Seward to vote on employee relations measure March 19

PERA would dictate union relation policy in the city

Seward to vote on employee relations measure March 19

PERA — the acronym has been heard in city council chambers and will be seen on the ballot during a special election on March 19, but what is the Public Employment Relations Act and why is Seward voting on it?

Currently, the Seward City Council has control over the city’s labor policy, including employee organizing activity.

PERA’s role in Alaska employee relations is to protect the organizing and bargaining rights of public employees, unions and employers, according to the Alaska Labor Relations Agency, the agency responsible for implementing the act.

During a city council work session earlier this month, Justin Roberts, a general counsel attorney for the International Brotherhood of Electrical Workers, and Jennifer Alexander, an attorney with Birch, Horton, Bittner and Cherot, the city’s law firm, detailed the impacts of PERA on Seward.

“Once you opt in, you’re in. There’s no initiative, referendum or council vote that opts you out,” Alexander said.

If adopted, PERA would oversee the organization of public employees, but wouldn’t impact the relationship between the city and its employees. The agency would not enforce any other federal and state laws, though, including acts and statutes about fair labor, wage, hours, contract work hours, worker’s compensation and equal employment.

Instead, PERA would dictate union relation policy in the city and the Labor Relations Agency would handle any complaints and disputes pertaining to organizing activity.

PERA was adopted by Alaska in 1972 to tackle the issues of employee organization, and allow for good faith relations between public-sector employers, their employees and unions in Alaska.

In September 1975, Seward City Council rejected PERA citing that “it is in the public interest for the City to keep its options open so that it can properly react in the future, and not in the public interest to possibly become bound into the provisions of this act, and whatever amendments the legislature might pass in the future.”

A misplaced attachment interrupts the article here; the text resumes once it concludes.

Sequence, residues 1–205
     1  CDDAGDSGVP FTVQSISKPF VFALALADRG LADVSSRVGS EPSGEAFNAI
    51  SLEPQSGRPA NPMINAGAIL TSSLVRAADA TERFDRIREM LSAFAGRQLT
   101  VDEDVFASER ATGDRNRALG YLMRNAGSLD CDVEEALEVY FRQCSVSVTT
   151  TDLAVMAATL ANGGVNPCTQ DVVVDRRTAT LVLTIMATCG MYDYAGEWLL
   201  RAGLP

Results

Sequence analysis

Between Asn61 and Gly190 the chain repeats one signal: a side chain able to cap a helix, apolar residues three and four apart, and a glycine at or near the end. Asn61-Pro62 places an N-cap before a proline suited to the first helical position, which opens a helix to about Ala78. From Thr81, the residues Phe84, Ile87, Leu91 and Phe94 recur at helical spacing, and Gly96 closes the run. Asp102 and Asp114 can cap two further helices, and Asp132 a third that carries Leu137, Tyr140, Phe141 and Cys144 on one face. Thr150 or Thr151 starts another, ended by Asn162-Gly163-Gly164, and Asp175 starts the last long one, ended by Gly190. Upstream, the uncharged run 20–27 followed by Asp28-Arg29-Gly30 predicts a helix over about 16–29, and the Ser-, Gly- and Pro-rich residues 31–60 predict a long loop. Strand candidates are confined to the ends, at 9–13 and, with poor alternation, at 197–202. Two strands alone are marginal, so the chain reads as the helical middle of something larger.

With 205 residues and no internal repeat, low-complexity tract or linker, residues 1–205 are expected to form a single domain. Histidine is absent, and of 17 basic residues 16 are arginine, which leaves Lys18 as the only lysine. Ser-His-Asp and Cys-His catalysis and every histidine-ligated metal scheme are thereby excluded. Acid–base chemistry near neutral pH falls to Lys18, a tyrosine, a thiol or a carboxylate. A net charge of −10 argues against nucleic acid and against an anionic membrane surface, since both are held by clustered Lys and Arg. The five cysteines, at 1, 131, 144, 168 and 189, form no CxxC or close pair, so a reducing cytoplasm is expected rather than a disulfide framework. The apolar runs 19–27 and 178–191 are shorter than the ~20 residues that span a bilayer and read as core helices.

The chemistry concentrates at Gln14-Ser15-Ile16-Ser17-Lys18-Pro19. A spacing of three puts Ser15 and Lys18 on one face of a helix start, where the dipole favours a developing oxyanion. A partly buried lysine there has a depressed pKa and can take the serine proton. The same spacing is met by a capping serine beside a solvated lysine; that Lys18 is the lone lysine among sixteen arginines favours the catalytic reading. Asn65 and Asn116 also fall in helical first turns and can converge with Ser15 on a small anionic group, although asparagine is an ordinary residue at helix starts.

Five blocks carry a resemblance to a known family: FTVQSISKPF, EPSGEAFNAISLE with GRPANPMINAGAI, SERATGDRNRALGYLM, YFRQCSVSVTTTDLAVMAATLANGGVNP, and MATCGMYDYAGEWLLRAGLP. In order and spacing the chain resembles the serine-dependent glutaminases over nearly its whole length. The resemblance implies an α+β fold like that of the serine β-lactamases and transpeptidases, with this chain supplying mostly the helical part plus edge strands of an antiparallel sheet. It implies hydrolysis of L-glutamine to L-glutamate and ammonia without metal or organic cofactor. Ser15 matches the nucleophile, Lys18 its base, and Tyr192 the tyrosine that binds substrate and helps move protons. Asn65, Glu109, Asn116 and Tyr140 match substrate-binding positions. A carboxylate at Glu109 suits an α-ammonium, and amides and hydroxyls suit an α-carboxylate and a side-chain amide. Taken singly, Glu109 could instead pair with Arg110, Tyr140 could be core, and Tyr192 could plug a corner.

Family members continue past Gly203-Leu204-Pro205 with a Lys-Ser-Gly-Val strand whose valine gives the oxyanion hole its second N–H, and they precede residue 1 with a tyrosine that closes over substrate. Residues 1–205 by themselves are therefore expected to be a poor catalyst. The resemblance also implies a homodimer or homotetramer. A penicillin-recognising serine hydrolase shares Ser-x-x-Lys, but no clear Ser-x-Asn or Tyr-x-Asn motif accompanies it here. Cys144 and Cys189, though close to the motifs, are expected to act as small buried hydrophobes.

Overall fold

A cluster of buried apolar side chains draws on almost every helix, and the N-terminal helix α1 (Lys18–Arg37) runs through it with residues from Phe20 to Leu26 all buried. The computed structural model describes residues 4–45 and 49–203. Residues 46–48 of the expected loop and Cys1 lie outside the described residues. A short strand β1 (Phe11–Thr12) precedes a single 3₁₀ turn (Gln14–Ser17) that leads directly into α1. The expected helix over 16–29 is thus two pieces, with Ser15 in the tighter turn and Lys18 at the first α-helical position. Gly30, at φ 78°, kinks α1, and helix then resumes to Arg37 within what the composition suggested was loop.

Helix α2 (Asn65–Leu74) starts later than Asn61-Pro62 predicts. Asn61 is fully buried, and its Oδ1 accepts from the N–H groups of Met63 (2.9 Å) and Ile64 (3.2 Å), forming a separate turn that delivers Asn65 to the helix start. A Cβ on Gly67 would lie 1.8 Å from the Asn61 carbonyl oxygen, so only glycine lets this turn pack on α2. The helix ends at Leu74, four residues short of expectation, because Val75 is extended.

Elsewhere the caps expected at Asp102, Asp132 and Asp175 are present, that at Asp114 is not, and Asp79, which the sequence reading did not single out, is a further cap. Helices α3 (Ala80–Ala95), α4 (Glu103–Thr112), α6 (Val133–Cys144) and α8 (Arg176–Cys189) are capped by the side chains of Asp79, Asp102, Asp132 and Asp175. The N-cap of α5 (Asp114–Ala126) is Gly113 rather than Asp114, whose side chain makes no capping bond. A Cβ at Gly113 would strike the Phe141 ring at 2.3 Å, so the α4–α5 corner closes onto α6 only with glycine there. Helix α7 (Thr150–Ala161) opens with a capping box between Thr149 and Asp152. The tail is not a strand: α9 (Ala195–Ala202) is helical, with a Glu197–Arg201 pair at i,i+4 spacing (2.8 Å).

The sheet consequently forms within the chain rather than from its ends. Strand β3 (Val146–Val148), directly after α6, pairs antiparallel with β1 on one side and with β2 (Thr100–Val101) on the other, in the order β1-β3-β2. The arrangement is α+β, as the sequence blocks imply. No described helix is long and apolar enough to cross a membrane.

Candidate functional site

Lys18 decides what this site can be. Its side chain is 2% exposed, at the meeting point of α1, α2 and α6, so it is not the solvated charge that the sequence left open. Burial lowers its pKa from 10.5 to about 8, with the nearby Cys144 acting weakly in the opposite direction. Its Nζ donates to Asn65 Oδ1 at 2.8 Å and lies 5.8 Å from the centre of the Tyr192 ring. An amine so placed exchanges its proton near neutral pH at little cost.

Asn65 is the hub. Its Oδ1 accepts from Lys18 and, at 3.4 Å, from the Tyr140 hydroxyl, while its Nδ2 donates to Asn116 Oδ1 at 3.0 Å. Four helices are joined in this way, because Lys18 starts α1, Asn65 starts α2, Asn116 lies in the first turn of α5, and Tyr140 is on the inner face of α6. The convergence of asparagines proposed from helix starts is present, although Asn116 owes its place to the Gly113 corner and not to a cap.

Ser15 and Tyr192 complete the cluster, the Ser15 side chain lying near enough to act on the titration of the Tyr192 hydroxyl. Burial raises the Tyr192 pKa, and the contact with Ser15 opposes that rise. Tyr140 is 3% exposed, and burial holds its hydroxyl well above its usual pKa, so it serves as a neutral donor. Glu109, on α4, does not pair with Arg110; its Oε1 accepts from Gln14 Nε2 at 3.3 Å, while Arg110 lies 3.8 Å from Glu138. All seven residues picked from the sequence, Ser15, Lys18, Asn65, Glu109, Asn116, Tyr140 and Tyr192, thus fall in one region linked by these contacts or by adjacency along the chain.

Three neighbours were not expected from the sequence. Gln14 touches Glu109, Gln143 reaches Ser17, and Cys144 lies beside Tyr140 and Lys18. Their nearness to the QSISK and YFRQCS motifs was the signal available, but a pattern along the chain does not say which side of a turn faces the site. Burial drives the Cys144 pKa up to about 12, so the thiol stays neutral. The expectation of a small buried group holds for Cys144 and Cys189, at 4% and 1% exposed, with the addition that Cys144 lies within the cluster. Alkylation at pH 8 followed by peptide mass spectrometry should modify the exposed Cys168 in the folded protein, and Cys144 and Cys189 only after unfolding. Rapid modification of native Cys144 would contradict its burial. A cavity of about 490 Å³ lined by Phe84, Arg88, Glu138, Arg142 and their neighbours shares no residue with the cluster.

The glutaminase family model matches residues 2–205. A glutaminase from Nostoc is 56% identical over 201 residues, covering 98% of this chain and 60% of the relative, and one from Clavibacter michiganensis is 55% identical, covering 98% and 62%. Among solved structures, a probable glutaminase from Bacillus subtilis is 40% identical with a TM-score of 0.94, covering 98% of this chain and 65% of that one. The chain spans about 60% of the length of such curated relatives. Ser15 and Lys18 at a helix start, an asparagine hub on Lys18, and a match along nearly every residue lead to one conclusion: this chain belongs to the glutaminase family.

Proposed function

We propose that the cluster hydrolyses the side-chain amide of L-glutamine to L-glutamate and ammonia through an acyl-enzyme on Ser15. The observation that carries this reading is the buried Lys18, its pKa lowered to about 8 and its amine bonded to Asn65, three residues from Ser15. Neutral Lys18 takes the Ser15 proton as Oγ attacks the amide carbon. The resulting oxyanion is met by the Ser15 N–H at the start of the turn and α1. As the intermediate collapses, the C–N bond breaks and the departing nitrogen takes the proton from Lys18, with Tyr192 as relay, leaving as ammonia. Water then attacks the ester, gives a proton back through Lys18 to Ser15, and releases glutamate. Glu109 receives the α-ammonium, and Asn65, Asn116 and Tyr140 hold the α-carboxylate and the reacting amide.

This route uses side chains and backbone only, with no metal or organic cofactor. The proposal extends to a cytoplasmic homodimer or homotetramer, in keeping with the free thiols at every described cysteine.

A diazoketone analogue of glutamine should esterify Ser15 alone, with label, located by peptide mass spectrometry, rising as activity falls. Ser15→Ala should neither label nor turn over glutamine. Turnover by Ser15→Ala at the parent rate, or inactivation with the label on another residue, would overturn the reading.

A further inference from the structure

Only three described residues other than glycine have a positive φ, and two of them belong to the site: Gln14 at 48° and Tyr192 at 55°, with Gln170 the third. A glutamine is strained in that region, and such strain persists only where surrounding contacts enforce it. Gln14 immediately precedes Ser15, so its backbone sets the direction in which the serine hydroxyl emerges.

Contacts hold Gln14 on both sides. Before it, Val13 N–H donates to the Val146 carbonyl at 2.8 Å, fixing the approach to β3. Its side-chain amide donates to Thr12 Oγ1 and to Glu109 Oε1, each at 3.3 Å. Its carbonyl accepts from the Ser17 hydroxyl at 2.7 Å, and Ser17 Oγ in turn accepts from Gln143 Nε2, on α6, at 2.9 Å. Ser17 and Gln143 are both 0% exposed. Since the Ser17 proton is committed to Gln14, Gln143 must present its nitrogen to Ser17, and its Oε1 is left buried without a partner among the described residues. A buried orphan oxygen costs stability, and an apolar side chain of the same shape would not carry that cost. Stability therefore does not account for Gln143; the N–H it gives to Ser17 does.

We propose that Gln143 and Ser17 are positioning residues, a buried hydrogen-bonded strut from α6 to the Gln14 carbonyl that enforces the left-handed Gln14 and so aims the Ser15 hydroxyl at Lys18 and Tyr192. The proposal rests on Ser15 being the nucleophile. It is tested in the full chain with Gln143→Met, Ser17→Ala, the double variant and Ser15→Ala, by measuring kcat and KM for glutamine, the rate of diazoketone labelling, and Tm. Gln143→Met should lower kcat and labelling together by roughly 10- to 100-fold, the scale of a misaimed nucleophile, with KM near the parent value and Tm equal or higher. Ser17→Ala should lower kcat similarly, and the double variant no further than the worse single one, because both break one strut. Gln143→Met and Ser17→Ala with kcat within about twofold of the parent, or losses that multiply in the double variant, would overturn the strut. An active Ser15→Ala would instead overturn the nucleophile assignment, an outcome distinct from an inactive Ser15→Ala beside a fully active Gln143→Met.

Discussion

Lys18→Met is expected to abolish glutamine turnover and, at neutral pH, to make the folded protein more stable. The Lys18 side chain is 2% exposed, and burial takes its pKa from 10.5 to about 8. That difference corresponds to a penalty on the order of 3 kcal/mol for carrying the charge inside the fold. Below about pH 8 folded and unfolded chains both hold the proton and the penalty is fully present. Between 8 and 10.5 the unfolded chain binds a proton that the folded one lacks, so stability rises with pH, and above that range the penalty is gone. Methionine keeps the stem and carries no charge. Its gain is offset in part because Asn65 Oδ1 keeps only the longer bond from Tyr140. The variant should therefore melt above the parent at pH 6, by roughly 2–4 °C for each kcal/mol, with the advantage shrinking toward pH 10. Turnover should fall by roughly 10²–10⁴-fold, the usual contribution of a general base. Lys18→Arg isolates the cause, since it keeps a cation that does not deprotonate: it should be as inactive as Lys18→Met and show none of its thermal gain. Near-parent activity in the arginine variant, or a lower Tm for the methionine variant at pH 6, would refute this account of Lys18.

Now, the irreversible decision to repeal this ordinance or not is being left to the voters during a special election on March 19.

“Going through all the different scenarios that could happen … It’s hard to know all the factual scenarios that will play out,” Roberts also said, explaining that the exact impacts of enacting PERA are hard to quantify.

Voting on Referendum No. 1 is now open at Seward City Hall from 8 a.m. to 5 p.m. until March 8. The election will be held on March 19.

More in News

Dr. Katherine Ortega Courtney speaks during the 100% Alaska Community Town Hall on Saturday, June 3, 2023, at Peninsula Center Mall in Soldotna, Alaska. (Jake Dye/Peninsula Clarion)
100% Alaska survey results, state of services discussed at town hall

Change 4 the Kenai leads conversation about access to mental health, housing, transportation

Soldotna High School senior Josiah Burton testifies in opposition to a proposed cut of Kenai Peninsula Borough School District theater technicians while audience members look on during a board of education meeting on Monday, March 6, 2023, in Soldotna, Alaska. (Ashlyn O’Hara/Peninsula Clarion)
Awaiting state funding, board of ed works to bring back staff positions

Alaska lawmakers this session passed a budget bill that includes $175 million in one-time funding for Alaska’s K-12 schools

David Brighton (left) and Leslie Byrd (right) prepare to lead marchers from the Soldotna Regional Sports Complex to Soldotna Creek Park as part of Soldotna Pride in the Park on Saturday, June 3, 2023 in Soldotna, Alaska. (Ashlyn O’Hara/Peninsula Clarion)
‘Nobody Can Drag Us Down’: Soldotna celebrates LGBTQ+ pride

The event featured food trucks, vendors and a lineup of performers that included comedy, drag and music

Judges Peter Micciche, Terry Eubank and Tyler Best sample a salmon dish prepared by chef Stephen Lamm of the Kenai Peninsula Food Bank at Return of the Reds on Saturday, June 3, 2023, at the Kenai City Dock in Kenai, Alaska. (Jake Dye/Peninsula Clarion)
Kenai celebrates ‘Return of the Reds’ in food bank fundraiser

Chefs competed for best salmon recipe; fresh-caught fish auctioned

A freshly stocked rainbow trout swims in Johnson Lake during Salmon Celebration on Wednesday, May 10, 2023, at Johnson Lake in Kasilof, Alaska. (Jake Dye/Peninsula Clarion)
Excellent lake fishing, good halibut and slow salmon

Northern Kenai Fishing Report for June 1

Map via Kenai Peninsula Borough.
Assembly to consider emergency service area for Cooper Landing

Borough legislation creating the service area is subject to voter approval

Peter Micciche (center) listens to the Kenai Peninsula Borough Assembly certify the results of the Feb. 14, 2023, special mayoral election, through which he was elected mayor of the Kenai Peninsula Borough, on Tuesday, Feb. 21, 2023 in Soldotna, Alaska. (Ashlyn O’Hara/Peninsula Clarion)
Thousands respond to borough services survey

Many of the survey questions focused on the quality of borough roads

Two new cars purchased by the Soldotna Senior Center to support its Meals on Wheels program are parked outside of the center in Soldotna, Alaska, on Wednesday, March 30, 2022.(Camille Botello/Peninsula Clarion file)
Soldotna budget defunds area senior center

The unanimous vote came after multiple people expressed concerns about how the center operates

An Epidemiology Bulletin titled “Drowning Deaths in Alaska, 2016-2021” published Wednesday, May 31, 2023. (Screenshot)
Health officials say Alaska leads nation in drowning deaths, urge safe practices

A majority of non-occupational Alaska drownings occur in relation to boating, both for recreation and for subsistence

Most Read